I know that because I see people approve of assisted suicide for those with disabilities, who think they are no longer viable. And because I see and hear acquaintances give periodic reports on how I'm doing.
They say things ranging from "You should be as independent as possible" to "You're so independent, but you like it that way". Such comments have led me to a place of Zen consciousness where I make no decisions based on such casual feedback. At times it's like an Olympic spoof, where people hold up signs with scores from 10 to 1. Images like that make me smile on a good day.
Viable is defined by Merriam-Webster as "1. capable of living"; "2. capable of growing or developing"; and "3. a: capable of working, functioning, or developing adequately <viable alternatives> b: capable of existence and development as an independent unit
Breaking this all down in terms of disability is a fascinating project. You have your viable states, in which you are adjudged to be capable - or not- of existing and/or developing independently. I clearly don't qualify for that, since getting something to eat by myself involves help, as I told a friend last night who watched me (i.e. gravity) drop salad onto a plate, amazed at "how much better I was". I explained that gravity and Meredith did the work, that one shouldn't assume that meals pop out of my refrigerator ready to eat, cut up and placed on plates, bowls, trays etc. that I can manage. (Had she arrived earlier when the groceries were delivered, she would have seen how useless all of that is to me until someone able bodied gets the food out of the bags, cuts it up, etc. and at that point I suppose I would have been seen as not being in a viable state.)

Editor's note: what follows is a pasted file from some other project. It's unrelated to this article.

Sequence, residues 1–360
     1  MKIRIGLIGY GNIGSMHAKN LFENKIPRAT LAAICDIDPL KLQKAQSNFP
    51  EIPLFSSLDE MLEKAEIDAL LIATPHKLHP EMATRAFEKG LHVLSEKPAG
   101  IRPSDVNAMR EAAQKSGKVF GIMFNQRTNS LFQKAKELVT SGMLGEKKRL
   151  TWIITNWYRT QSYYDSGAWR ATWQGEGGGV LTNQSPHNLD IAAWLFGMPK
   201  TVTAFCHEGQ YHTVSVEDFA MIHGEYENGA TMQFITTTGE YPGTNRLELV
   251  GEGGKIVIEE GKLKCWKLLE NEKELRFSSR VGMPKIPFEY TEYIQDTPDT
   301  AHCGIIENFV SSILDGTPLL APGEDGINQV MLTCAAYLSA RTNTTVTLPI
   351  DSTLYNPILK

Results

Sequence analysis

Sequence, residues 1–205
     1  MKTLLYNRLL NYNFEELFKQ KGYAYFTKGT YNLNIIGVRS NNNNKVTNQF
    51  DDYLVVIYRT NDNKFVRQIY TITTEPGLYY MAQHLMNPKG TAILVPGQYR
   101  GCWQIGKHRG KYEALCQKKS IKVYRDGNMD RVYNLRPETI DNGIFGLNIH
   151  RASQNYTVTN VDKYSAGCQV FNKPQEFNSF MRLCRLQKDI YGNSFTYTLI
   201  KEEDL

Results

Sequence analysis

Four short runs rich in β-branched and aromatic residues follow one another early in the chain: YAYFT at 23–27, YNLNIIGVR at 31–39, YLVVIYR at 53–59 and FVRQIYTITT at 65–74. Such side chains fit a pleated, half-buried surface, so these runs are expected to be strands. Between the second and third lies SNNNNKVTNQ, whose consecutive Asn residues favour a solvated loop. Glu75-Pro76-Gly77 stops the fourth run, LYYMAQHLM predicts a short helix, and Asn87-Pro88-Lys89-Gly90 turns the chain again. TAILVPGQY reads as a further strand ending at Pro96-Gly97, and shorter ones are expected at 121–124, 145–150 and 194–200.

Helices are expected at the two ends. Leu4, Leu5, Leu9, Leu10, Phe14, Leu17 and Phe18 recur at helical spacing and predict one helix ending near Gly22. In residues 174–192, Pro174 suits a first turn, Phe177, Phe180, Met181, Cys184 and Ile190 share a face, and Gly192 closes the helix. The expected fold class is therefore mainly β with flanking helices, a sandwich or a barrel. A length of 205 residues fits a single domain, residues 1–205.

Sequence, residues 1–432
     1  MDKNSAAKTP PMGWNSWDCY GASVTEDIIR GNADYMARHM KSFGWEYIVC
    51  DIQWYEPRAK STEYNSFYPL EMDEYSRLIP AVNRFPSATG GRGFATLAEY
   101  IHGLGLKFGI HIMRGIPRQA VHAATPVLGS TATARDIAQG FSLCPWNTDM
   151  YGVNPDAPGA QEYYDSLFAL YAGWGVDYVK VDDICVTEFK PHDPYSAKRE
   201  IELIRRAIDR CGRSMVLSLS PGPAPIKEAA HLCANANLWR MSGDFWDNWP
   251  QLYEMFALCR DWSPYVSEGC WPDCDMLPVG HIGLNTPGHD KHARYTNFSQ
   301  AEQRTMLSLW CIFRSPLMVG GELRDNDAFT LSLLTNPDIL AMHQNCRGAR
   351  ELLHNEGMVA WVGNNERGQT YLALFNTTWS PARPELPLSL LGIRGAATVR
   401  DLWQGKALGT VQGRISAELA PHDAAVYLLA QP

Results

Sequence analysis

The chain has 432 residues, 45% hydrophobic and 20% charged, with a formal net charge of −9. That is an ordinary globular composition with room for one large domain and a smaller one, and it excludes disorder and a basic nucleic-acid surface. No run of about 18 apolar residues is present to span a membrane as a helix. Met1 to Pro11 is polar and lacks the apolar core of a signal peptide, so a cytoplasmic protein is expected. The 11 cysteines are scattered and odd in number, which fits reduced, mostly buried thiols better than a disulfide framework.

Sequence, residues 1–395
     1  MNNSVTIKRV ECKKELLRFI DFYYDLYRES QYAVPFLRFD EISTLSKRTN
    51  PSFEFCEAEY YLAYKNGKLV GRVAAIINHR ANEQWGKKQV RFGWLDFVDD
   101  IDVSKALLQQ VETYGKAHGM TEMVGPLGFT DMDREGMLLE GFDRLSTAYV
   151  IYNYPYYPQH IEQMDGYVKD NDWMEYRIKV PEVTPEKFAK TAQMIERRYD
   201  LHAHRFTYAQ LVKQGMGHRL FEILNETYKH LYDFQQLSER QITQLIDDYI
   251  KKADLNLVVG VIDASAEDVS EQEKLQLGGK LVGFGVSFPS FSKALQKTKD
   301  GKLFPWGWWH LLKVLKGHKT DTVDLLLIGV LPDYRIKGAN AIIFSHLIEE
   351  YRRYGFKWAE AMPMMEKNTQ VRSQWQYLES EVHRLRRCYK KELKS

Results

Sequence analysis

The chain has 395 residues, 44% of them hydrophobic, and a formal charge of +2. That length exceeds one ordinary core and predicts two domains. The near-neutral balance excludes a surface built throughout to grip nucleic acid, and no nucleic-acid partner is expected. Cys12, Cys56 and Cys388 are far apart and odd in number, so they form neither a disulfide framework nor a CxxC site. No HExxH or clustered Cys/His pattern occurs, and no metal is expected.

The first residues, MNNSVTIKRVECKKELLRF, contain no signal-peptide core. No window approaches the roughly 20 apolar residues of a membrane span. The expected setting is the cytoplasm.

It is defintion c(1) that is most amusing to me sometimes, that of having a reasonable chance of succeeding. Now that I have an accessible van, when people ask me if I need help getting into my car, I say no rather confidently, knowing I can manage with the help of assistive technology by myself. Yet getting a dollar bill out - or any task requiring dexterity- can take much longer or be impossible for me to succeed at. And this is what's amusing- is that when assistive technology isn't the answer and human help is needed, I get a low viability score. It's not quite fair, is it, that the 2.0 card is held up when they simply haven't invented a wallet that shoots out dollar bills via voice command?
I could go on and on about how being seen as not being financially sustainable is another problem for those of us with disabilities with staggering unemployment statistics or how ironic it is that the word viable, which comes from the French word vie (life), is applied in a way that denigrates the value of our lives .
We need new definitions for the word viable, ones which don't start with the word "capable". Those put a "cap" on how our abilities are defined, limiting us to the norms of the able bodied world. They lead to terms like "handicapable", where we buy into the idea that any human being has to somehow prove his or her worth. That robs people of their dignity, labels them, scores their performance - or lack of - on a playing field that not only isn't level, but may be one they can't even get on.
I'm no less capable at what I do just because I'm physically dependent on someone else to turn a page so ultimately I can complete my work product. Yet to define a person as being in a viable state only when capable of existing and developing as an independent unit - sends quite the opposite message.
Sometimes after an inane conversation with someone about my level of independence as a person with quadriplegia, I find myself barely able to stop giggling. I'm not proud of that, mind you, because I realize that if you don't live with my disability, part of being viable has not included developing a sense of humor about how our society defines independence. Until we all can laugh at that and embrace the diversity that the experiences of the disability community bring to our world, I just have to accept that my viability rating will continue to go up and down in each and every encounter.